Microsoft accidentally disabled its controversial hardware compatibility check, offering Windows 11 to computers not on the list.
Windows 11 won’t install on computers without a recent TPM-equipped processor, although there are exceptions (notably for some hardware from Microsoft, which failed to make the cut in the list of origin). It is possible to circumvent this limitation, although there is no guarantee that a future version of Windows 11 will not definitely slam the door.
However, users noticed overnight that PCs in the Windows Insider Release Preview ring without an eligible processor were being offered the update without the usual terse rejection message.
— Barb Bowman 🌷💙💛 (@barbbowman) June 8, 2022
Could Microsoft have softened its position? Perhaps the less-than-stellar adoption of Windows 11 prompted an overhaul in Redmond? As of May 2022, according to Statcounter, it has yet to surpass outdated Windows 7, let alone catch up with Windows 10.
Unfortunately not. The Windows Insider team was quick to respond that all was business as usual in the Windows world. Namely, something went wrong and needed to be fixed.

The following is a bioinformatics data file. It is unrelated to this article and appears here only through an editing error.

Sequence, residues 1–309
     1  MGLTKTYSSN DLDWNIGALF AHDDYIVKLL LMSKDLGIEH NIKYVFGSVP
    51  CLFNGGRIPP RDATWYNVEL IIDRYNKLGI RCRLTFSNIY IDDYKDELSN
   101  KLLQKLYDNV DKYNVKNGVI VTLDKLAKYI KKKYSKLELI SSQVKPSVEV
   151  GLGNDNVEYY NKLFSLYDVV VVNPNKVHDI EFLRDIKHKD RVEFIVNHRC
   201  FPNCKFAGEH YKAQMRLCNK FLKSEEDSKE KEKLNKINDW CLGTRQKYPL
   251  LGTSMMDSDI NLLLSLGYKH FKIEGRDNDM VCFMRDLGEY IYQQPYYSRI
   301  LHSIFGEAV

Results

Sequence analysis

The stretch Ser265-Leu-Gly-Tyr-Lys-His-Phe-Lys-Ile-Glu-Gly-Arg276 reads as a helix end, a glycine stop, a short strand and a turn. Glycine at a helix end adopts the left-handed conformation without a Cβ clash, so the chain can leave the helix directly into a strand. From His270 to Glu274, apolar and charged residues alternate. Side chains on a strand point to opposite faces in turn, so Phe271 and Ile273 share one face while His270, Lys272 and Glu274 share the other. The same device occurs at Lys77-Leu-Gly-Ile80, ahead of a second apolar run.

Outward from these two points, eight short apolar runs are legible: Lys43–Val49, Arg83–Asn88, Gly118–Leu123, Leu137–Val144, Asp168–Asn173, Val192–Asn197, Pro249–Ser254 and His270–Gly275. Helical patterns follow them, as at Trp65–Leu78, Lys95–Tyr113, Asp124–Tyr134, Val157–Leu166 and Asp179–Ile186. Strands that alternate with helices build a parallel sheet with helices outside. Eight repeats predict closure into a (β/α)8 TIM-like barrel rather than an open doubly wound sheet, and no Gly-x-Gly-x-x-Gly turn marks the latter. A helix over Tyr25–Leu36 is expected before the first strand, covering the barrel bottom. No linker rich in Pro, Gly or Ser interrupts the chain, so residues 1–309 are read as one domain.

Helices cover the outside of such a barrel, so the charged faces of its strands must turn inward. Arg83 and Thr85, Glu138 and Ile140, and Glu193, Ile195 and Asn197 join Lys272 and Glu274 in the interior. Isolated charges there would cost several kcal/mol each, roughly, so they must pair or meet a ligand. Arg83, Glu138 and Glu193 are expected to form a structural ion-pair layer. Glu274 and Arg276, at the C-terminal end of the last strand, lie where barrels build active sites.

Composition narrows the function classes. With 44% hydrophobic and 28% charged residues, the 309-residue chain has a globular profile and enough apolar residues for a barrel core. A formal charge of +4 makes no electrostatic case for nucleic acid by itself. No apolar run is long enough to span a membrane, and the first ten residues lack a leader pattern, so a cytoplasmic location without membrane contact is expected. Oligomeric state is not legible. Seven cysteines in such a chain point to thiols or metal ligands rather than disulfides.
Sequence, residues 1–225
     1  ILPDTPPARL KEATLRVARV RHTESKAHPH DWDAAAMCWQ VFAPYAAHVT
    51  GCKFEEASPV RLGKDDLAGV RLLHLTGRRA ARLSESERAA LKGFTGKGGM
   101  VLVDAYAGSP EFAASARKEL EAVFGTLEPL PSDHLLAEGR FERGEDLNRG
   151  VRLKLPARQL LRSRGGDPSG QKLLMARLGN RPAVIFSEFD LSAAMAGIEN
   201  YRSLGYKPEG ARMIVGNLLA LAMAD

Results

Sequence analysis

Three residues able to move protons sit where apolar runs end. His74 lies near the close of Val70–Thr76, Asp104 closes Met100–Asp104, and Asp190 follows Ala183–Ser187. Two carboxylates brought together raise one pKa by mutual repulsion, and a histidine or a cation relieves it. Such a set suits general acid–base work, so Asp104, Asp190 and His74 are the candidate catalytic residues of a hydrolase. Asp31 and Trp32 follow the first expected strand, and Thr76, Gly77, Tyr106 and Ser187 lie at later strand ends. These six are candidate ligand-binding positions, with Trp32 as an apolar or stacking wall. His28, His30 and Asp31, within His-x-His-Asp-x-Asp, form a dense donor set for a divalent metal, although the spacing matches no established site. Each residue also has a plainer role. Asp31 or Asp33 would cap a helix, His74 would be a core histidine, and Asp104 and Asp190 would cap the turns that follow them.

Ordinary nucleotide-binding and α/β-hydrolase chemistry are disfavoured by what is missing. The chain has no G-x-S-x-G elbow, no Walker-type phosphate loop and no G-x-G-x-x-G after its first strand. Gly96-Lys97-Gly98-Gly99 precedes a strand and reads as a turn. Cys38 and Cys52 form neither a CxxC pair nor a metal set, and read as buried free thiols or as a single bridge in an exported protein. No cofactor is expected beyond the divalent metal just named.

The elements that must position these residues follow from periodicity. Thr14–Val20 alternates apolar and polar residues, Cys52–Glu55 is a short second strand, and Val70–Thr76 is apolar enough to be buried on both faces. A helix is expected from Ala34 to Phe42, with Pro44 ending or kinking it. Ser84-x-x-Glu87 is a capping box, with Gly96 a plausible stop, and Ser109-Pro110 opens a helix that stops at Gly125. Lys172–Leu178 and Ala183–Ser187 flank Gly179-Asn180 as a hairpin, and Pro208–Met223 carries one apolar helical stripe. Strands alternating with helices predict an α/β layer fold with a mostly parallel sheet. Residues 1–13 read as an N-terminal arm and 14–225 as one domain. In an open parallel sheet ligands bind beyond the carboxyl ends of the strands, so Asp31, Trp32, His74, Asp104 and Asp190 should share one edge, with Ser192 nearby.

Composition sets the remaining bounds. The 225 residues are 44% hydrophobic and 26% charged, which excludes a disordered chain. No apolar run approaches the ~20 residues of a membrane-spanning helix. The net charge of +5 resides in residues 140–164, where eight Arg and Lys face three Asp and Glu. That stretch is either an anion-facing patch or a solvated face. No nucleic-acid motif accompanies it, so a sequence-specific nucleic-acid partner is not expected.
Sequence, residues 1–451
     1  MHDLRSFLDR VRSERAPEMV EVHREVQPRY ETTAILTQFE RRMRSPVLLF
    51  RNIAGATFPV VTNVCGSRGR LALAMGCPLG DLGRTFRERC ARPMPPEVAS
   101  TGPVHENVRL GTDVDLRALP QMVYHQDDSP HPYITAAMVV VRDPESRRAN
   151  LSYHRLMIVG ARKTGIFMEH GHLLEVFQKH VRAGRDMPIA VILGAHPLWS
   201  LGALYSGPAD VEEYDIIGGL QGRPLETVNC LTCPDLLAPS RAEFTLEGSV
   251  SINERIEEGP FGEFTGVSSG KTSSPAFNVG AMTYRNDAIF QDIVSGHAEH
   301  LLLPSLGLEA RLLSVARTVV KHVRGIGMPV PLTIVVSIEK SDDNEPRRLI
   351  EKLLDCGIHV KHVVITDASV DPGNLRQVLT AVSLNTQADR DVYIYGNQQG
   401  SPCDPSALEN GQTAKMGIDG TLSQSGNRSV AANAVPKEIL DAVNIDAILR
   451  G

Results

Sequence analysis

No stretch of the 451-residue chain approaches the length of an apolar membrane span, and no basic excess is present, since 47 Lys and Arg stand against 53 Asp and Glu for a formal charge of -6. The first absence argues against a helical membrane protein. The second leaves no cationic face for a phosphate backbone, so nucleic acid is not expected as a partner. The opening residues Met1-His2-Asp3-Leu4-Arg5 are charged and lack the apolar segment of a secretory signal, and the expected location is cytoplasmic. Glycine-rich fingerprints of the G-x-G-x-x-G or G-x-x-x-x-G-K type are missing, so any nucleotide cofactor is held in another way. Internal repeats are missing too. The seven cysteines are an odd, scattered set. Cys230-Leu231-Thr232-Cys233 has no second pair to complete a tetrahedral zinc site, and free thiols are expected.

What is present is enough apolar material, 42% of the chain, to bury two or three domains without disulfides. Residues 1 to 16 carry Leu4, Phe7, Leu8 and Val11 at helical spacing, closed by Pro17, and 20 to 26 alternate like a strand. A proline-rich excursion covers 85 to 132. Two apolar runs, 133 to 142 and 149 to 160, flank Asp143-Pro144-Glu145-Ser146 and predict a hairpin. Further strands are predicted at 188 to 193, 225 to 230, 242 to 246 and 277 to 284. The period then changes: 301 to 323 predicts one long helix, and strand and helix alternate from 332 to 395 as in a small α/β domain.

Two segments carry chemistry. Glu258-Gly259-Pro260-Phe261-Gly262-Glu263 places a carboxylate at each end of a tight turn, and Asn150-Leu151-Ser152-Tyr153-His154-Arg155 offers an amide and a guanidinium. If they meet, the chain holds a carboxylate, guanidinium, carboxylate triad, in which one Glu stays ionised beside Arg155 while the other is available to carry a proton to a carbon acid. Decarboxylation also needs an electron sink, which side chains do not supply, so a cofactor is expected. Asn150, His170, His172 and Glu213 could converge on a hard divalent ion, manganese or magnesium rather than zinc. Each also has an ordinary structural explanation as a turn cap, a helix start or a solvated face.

It’s a bug and the right team is investigating it. Thanks for letting us know.
— Windows Insider Program (@windowsinsider) June 8, 2022
This won’t help the Windows team in their efforts to justify Windows 11’s hardware compatibility list. Especially when Microsoft itself happily releases a version with some of the checks removed.
One also can’t help but notice the difference between Microsoft’s response to recent zero-day vulnerabilities and how quickly it moved to keep its flagship operating system untainted by incompatible hardware. .
Users who successfully completed the update can cancel it.
While it would be nice to claim that the incident could have signaled a quiet change in policy, it may be more a sign of Windows’ legendary quality control (or lack thereof). ®